Trump: A Burden for Monterrey's Auto Industry
In Pesquería, an industrial town near the capital of Mexico, there is a big poster with the Korean and Mexican flags that says: "Thank you, Jesus for bringing Kia to Pesquería."
Kia-Hyundai is planning to invest more than 1,000 USD in Pesquería. The investment is less connected to Jesus but to the Free Trade Agreement (Nafta) with the US, that gives access to the biggest national auto market, the American market.
Another reason for Kia to choose Mexico is the tax exemptions for 20 years granted by former governor Rodrigo Medina de la Cruz, already investigated for corruption. Yet another reason is the gift to the Korean company of a former ejido, collective farm, without compensation for its peasant owners. And, the most important, the fact that labor costs are extraordinarily low in the automobile industry: about 400 pesos (around 20 USD) a day. Mexico already offers cheaper labor than China in the manufacturing sector, as reported in Barcelona's leading newspaper, La Vanguardia.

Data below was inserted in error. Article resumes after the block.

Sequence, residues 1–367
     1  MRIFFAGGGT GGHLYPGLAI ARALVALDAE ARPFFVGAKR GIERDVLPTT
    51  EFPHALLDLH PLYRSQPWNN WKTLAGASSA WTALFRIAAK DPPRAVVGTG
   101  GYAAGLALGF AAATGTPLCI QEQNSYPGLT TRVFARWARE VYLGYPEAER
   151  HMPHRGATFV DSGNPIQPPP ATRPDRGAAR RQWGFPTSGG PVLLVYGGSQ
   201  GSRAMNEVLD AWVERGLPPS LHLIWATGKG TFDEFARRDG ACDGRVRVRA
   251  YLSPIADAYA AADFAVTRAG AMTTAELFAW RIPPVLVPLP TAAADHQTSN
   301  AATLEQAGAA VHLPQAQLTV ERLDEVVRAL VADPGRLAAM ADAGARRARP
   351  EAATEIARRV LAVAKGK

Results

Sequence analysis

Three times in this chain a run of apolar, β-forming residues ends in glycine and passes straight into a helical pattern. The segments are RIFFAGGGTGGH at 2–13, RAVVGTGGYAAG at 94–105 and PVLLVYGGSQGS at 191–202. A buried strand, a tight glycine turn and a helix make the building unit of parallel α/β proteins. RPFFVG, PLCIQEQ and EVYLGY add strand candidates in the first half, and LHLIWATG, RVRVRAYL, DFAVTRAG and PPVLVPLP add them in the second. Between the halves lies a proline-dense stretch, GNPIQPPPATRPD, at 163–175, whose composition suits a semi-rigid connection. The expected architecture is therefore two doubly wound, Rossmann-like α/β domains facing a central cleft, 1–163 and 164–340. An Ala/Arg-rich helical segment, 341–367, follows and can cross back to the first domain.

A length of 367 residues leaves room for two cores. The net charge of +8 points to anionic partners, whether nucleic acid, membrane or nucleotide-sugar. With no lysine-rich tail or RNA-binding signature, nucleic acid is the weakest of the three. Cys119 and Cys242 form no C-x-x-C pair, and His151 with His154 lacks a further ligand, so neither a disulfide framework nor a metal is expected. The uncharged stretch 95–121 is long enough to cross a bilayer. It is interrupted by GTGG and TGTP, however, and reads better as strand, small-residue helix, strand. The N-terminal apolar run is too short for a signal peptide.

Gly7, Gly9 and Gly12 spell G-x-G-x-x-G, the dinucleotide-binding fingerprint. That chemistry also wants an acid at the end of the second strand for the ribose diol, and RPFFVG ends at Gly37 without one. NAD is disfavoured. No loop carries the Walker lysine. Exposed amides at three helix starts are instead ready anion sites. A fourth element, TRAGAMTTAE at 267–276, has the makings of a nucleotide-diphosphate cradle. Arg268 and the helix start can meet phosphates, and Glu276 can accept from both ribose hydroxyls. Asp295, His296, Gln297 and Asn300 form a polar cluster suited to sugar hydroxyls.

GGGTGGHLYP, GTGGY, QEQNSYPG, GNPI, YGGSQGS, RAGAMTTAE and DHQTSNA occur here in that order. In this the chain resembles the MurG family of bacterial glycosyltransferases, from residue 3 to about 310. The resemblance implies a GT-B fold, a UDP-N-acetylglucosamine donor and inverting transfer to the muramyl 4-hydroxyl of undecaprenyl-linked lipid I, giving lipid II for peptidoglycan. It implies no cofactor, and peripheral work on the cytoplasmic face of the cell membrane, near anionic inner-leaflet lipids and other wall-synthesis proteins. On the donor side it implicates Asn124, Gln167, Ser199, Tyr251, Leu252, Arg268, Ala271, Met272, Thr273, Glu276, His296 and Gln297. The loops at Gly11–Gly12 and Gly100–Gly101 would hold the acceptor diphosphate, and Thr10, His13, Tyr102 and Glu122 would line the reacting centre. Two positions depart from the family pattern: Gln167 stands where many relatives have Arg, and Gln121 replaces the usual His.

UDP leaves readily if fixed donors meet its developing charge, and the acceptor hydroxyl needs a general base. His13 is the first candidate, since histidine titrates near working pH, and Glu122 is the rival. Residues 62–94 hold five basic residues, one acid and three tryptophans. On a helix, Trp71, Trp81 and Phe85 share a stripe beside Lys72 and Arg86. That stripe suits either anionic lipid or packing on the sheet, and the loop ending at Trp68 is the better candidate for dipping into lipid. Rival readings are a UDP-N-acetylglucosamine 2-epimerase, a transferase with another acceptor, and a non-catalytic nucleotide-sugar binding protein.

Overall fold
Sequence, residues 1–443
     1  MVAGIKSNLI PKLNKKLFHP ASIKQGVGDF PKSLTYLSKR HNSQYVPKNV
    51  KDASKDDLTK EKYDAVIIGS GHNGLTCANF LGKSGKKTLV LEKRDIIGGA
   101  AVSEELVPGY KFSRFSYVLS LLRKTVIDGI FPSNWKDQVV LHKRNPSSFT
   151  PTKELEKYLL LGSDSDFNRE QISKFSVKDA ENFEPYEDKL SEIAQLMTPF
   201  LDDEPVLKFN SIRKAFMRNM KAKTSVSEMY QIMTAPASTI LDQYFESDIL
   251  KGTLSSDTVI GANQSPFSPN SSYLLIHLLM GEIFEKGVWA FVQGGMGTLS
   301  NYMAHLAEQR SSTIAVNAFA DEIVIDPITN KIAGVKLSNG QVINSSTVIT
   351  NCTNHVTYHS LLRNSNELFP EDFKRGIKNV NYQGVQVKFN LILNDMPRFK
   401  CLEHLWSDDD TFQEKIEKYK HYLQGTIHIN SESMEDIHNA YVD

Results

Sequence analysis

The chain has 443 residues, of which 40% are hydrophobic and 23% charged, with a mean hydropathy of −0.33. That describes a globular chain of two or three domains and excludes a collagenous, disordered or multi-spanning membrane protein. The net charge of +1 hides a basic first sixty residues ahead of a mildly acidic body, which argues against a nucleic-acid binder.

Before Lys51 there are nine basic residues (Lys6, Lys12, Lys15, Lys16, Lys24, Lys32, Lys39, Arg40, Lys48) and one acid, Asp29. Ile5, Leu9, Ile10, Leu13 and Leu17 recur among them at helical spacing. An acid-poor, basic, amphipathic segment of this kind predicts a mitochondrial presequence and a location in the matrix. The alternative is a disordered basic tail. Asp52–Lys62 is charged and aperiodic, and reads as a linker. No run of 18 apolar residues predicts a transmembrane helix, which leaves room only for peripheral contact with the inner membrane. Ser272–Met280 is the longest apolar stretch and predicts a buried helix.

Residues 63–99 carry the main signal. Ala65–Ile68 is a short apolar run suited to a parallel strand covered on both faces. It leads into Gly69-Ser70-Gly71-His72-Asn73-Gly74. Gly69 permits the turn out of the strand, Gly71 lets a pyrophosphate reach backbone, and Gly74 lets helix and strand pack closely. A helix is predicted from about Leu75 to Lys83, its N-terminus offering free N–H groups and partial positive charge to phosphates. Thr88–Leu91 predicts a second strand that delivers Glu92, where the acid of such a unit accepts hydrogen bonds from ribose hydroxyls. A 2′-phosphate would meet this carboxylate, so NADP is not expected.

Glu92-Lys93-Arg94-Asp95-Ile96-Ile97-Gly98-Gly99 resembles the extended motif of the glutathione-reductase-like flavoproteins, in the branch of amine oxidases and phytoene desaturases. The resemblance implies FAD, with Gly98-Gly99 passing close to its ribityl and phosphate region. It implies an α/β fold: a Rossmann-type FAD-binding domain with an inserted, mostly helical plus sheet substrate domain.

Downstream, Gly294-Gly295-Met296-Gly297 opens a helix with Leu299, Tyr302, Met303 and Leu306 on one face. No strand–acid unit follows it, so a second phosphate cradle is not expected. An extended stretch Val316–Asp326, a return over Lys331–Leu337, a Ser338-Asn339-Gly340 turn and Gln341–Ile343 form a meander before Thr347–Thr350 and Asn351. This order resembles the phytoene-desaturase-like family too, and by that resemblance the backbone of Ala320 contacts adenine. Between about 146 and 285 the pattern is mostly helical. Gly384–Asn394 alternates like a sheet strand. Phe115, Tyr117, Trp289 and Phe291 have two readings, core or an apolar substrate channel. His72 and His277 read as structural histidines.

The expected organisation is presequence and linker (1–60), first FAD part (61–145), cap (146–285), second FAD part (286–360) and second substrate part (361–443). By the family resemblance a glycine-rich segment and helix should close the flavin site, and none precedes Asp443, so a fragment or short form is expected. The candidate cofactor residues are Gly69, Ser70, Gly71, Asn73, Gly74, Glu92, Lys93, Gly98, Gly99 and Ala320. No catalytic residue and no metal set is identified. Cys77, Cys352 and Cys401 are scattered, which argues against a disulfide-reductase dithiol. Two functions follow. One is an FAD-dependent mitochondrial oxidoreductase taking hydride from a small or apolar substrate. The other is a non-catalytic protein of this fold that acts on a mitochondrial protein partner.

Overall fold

What is going to happen in Pesquería and Monterrey, the "Detroit" of Mexico, if president Trump continues to push for more Protectionist measures against Mexico (he has threatened to put a tax to imported cars from Mexico and other products to pay for the border wall, as well as getting out of the Nafta)?
"One thing is a tweet, another is to be executed: nothing is going to happen for the moment; The production in the sector is the same as before and we feel that the rationality has to finally win," says Manuel Montoya of the automobile cluster in an interview with La Vanguardia.
80% of products made in Monterrey - from beer to plasma screens, from equipment to steel bars - are sold in the US market. Moreover, there are strong cross-border supply chains not only in the automotive sector but also in medical equipment, machinery, optical industry, aeronautics, sectors that would hardly be renationalised. "It is very difficult to know if a component is from Mexico or the USA. Or Canada because they are being developed in the three countries ... How can you put a tax on the Mexican side? "said a supply chain expert at Monterrey Tech.